Take the 2-minute tour ×
Stack Overflow is a question and answer site for professional and enthusiast programmers. It's 100% free, no registration required.

I'm fairly new to SQL, and I'm trying to work out how to speed up a complex SQL query in postgres, perhaps by improving my use of indexes. This is the query:

SELECT
    (SELECT ev.code FROM classification_item ci, enumeration_value ev
        WHERE ev.key_id = :ak_0
        AND ci.entry_id = t.id AND ci.value_id = ev.id) AS axis_0,
    (SELECT ev.code FROM classification_item ci, enumeration_value ev
        WHERE ev.key_id = :ak_1
        AND ci.entry_id = t.id AND ci.value_id = ev.id) AS axis_1,
    SUM(t.amount) as amount,
    (SELECT ev.code FROM classification_item ci, enumeration_value ev
        WHERE ev.key_id = :key_time_id
        AND ci.entry_id = t.id AND ci.value_id = ev.id) AS time
FROM "entry" t
WHERE t.dataset_id = :dataset_id
AND t.id IN (SELECT ci.entry_id FROM classification_item ci, enumeration_value ev
    WHERE ev.key_id = :k_0
    AND ev.code = :v_0 AND ci.value_id = ev.id)
GROUP BY time, axis_0, axis_1

This is basically the database schema (as defined in Pylons):

table_dataset = Table('dataset', meta.metadata,
    Column('id', Integer, primary_key=True),
    )
table_entry = Table('entry', meta.metadata,
    Column('id', Integer, primary_key=True),
    Column('dataset_id', Integer, ForeignKey('dataset.id')),
    Column('amount', Float()),
    )
table_classification_item = Table('classification_item', meta.metadata,
    Column('id', Integer, primary_key=True),
    Column('entry_id', Integer, ForeignKey('entry.id'), index=True),
    Column('value_id', Integer, ForeignKey('enumeration_value.id'), index=True)
)
table_enumeration_value = Table('enumeration_value', meta.metadata,
    Column('id', Integer, primary_key=True),
    Column('key_id', Integer, ForeignKey('key.id'), index=True),
    Column('code', UnicodeText(), index=True),
    )

And it has indexes as follows:

"dataset_pkey" PRIMARY KEY, btree (id)
"entry_pkey" PRIMARY KEY, btree (id)
"classification_item_pkey" PRIMARY KEY, btree (id)
"ix_classification_item_entry_id" btree (entry_id)
"ix_classification_item_value_id" btree (value_id)
"enumeration_value_pkey" PRIMARY KEY, btree (id)
"ix_enumeration_value_code" btree (code)
"ix_enumeration_value_key_id" btree (key_id)

Am I missing any obvious index that would speed up the query? In particular:

  • should I be using 'clustered' indexes?
  • should I also be indexing amount on entry, or would that make no difference to SUM(t.amount) as amount?

Thanks for your help. I know this is a pretty complex question, so please tell me if I can do anything to improve it.

------ UPDATE --------------

The output from EXPLAIN ANALYZE on the above query.

share|improve this question
    
would be helpful if you post the explain plan –  J-16 SDiZ Nov 3 '10 at 13:48
1  
As a rule you should always have clustered indexes. There are some rare exceptions but they are really rare. –  JNK Nov 3 '10 at 13:50
    
Sorry, I think I'm a bit confused about what a 'clustered' index actually is. Are the indexes I have above actually clustered? I was wondering if I could create a 'joint' index on two keys at once... –  AP257 Nov 3 '10 at 14:10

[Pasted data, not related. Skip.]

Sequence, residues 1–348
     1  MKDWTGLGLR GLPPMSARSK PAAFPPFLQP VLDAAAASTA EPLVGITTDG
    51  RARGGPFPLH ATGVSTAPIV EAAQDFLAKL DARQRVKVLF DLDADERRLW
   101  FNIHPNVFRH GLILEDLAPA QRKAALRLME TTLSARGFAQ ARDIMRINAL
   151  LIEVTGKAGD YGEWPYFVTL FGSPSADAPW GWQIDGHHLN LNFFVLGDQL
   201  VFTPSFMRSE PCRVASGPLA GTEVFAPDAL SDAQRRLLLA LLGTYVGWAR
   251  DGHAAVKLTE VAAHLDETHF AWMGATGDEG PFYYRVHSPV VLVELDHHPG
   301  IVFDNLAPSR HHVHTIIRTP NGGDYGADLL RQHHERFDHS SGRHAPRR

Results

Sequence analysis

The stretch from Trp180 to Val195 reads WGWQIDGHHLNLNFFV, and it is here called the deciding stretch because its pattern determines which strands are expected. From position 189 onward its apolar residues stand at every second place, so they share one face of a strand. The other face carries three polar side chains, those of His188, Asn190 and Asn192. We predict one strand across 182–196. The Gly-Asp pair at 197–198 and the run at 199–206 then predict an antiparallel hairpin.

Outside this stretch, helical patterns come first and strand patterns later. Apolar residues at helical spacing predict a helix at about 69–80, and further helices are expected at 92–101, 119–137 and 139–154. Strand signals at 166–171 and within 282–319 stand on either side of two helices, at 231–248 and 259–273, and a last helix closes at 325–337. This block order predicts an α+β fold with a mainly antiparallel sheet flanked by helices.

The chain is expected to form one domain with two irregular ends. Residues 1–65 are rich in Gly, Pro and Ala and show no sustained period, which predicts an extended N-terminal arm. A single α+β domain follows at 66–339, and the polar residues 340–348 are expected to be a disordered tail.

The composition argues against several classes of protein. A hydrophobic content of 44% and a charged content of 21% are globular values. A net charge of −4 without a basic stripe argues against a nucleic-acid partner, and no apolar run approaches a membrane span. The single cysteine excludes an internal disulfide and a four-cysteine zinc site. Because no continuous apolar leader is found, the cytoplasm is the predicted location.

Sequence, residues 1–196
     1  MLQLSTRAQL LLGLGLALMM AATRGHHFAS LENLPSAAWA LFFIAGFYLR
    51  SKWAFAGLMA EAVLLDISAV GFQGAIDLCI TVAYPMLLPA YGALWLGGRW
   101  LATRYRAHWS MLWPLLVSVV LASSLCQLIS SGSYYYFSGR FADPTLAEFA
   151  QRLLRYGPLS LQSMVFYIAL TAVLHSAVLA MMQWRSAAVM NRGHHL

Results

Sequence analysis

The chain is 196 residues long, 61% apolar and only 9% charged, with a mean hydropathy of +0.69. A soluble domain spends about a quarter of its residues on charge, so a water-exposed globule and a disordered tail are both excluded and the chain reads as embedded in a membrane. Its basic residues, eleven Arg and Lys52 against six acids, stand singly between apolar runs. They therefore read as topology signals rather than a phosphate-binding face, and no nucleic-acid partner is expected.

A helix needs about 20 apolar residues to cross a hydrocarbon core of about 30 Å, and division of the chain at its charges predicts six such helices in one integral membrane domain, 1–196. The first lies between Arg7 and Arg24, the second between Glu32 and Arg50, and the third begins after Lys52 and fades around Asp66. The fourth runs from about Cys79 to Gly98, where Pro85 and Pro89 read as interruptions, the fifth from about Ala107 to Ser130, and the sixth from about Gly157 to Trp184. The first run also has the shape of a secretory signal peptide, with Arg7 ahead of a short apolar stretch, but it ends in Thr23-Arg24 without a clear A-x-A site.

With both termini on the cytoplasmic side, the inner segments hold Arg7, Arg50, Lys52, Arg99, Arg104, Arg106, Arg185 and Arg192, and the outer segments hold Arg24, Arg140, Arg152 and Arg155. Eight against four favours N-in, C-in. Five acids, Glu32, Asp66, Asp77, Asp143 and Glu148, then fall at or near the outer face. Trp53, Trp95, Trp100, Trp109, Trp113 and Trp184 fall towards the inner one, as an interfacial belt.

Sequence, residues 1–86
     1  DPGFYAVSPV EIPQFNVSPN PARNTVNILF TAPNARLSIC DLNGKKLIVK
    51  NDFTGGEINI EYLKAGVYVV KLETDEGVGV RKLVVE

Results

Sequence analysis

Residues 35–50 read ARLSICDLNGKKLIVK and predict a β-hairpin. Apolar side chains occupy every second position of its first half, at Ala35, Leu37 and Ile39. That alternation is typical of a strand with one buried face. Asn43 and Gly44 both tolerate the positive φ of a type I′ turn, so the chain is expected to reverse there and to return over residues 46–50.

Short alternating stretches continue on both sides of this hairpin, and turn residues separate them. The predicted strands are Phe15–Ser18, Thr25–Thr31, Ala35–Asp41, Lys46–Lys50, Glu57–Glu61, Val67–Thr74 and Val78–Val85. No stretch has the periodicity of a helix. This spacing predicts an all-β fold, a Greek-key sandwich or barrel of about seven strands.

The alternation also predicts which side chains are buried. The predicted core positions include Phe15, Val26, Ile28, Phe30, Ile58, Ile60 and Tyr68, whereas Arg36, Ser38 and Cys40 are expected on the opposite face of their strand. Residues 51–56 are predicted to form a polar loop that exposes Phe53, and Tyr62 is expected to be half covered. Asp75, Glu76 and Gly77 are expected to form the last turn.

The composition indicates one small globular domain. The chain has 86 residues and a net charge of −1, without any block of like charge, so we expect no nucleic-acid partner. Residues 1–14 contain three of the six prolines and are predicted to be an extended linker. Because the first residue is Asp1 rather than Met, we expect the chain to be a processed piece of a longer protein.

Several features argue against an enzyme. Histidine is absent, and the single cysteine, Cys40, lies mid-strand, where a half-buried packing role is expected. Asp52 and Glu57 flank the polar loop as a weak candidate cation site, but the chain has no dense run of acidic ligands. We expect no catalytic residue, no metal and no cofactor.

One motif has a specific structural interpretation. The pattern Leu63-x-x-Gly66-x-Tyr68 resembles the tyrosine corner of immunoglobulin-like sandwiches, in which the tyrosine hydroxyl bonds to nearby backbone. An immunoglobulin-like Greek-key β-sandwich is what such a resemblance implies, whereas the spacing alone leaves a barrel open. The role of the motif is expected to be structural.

1  
@AP257: did you read the link? Clustering is a one-time operation: when the table is subsequently updated, the changes are not clustered. That is, no attempt is made to store new or updated rows according to their index order. CLUSTER reorders a heap-based table according to an index, but does not maintain the order, and the table remains heap-based. –  Quassnoi Nov 3 '10 at 16:39
show 6 more comments

2 Answers

If the enumeration_value table is small, I guess you can get some improvment by making axis_1 and axis_0 as join and add an extra index.

something like this (not tested)

CREATE INDEX idx_ci_vi_ei ON classification_item(value_id, entry_id);

CREATE INDEX idx_id_ki ON enumeration_value(id, key_id);

SELECT
    ci_0.code AS axis_0,
    ci_1.code AS axis_1,
    SUM(t.amount) as amount,
    ci_t.code AS time
FROM 
   "entry" t,
   (SELECT ev.code FROM classification_item ci, enumeration_value ev
        WHERE ev.key_id = :ak_0 AND ci.value_id = ev.id) ci_0,
   (SELECT ev.code FROM classification_item ci, enumeration_value ev
        WHERE ev.key_id = :ak_1 AND ci.value_id = ev.id) ci_1,
   (SELECT ev.code FROM classification_item ci, enumeration_value ev
        WHERE ev.key_id = :key_time_id AND ci.value_id = ev.id) ci_t
WHERE t.dataset_id = :dataset_id 
AND t.id IN (SELECT ci.entry_id FROM classification_item ci, enumeration_value ev
    WHERE ev.key_id = :k_0
    AND ev.code = :v_0 AND ci.value_id = ev.id)
AND t.id = ci_0.entry_id AND t.id = ci_1.entry_id AND t.id = ci_t.entry_id
GROUP BY time, axis_0, axis_1
share|improve this answer
    
enumeration_value is large, alas... so are entry and classification_item. only dataset and key are small. –  AP257 Nov 3 '10 at 14:25
    
the second CREATE INDEX may still works. give it a try –  J-16 SDiZ Nov 3 '10 at 15:50
add comment

What has EXPLAIN ANALYZE to say about the queryplan?

share|improve this answer
    
Ah OK, I've added this - see the update in the question. –  AP257 Nov 3 '10 at 14:18
add comment

Your Answer

 
discard

By posting your answer, you agree to the privacy policy and terms of service.

Not the answer you're looking for? Browse other questions tagged or ask your own question.